In his final free throw attempt of the ’94 season, he stepped to the line with a chance to make history. Does his miss say anything about what it takes to succeed, or the transcendent qualities of a champion, or the nature of failure? Nope.
Word processing – the world’s first “killer app” – enabled Wang Laboratories to threaten IBM’s decades of dominance in the computing world. The rise of the PC, and a troubled dynastic succession, led to the once high-flying company’s rapid demise.
Louis Pasteur’s bitter rival staked everything on a discredited theory of the role that germs play in the body. If his theories regain a measure of respectability, as many believe they already have, will statues of Antoine Bechamp appear beside those of Pasteur?
If Samuel Beckett was literary heir to James Joyce, the one who had studied at the feet of the master, assisted him at his labors, and carried forward the banner of modernism, Flann O’Brien was Joyce’s wayward second cousin, one who hauled the banner further still, into the post-modern absurd, but only after spitting on it, pissing on it, and ripping it to shreds.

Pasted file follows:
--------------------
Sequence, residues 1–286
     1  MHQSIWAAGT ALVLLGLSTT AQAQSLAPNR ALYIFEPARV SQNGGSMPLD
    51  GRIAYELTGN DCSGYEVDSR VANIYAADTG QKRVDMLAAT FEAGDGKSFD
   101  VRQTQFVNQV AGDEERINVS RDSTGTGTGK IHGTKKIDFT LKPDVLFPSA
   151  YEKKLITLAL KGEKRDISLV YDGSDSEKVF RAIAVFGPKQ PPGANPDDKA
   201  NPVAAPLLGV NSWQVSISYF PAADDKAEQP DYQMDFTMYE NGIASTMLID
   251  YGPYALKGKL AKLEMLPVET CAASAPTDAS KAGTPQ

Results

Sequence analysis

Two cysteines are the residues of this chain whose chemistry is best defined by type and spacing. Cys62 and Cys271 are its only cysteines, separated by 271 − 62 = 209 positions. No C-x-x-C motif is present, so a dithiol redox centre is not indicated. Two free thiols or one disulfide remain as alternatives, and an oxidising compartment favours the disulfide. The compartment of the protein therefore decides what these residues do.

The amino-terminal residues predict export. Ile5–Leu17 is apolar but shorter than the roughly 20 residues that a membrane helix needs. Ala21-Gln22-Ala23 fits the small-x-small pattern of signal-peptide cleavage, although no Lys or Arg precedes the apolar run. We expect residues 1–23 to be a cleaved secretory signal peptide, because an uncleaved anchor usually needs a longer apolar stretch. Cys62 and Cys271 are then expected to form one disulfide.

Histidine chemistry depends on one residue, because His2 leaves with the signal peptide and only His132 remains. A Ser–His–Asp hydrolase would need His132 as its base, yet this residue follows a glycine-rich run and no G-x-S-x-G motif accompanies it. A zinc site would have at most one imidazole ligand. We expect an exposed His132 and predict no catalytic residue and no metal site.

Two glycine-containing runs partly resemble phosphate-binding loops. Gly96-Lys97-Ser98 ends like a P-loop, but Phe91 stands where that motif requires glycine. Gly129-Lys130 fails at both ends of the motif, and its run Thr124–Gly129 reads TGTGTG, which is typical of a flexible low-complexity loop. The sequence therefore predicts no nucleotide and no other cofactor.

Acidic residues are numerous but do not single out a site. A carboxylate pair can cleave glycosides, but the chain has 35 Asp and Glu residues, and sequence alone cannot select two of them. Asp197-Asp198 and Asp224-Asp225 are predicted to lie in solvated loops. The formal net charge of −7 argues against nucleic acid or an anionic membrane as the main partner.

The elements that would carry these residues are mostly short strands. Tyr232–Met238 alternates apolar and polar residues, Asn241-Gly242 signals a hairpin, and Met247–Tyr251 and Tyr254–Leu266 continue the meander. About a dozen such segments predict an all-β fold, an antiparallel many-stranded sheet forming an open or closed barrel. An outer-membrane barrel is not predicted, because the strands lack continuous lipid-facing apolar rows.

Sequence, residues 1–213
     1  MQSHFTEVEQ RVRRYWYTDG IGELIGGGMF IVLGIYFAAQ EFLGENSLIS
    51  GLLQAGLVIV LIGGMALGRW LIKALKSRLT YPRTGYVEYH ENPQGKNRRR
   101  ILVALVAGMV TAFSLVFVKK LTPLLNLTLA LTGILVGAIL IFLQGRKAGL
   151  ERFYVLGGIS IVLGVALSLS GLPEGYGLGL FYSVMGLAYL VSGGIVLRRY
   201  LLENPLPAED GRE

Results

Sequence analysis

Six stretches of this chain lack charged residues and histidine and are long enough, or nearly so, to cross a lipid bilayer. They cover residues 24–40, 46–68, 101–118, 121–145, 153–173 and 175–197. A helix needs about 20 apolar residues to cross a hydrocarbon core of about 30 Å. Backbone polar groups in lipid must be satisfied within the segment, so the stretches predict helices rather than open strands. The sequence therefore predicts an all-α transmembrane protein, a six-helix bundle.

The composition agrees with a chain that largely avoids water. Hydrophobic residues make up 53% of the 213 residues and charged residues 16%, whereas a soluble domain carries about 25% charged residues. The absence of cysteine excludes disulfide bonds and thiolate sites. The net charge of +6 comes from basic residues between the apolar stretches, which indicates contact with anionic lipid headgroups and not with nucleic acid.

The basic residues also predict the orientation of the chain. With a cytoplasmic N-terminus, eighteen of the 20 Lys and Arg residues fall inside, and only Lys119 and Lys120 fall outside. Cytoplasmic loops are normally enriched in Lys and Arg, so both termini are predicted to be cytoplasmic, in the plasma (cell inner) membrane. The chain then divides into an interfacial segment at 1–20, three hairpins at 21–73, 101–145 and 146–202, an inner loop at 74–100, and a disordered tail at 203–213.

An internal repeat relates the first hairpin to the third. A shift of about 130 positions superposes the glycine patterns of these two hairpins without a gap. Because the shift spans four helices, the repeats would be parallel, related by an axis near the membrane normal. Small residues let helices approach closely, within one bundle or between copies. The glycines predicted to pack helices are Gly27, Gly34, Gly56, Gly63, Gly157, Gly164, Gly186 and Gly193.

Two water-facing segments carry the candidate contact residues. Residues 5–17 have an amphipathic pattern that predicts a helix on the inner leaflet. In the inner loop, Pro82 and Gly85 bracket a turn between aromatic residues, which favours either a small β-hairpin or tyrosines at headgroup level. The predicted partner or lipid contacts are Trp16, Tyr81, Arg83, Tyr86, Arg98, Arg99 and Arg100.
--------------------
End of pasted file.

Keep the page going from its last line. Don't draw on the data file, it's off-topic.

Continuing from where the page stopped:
A principled broadcast journalist who felt that newsmen should take sides on public issues constantly sparred with his network overseers and consistently lost the ratings battle to “the most trusted man in America”, Walter Cronkite.
The naturalist whose contemporaneous insights into “the transmutation of species” may have shared top billing with Darwin had he not been immersed in field work in Southeast Asia at the time of Darwin’s first coming out party.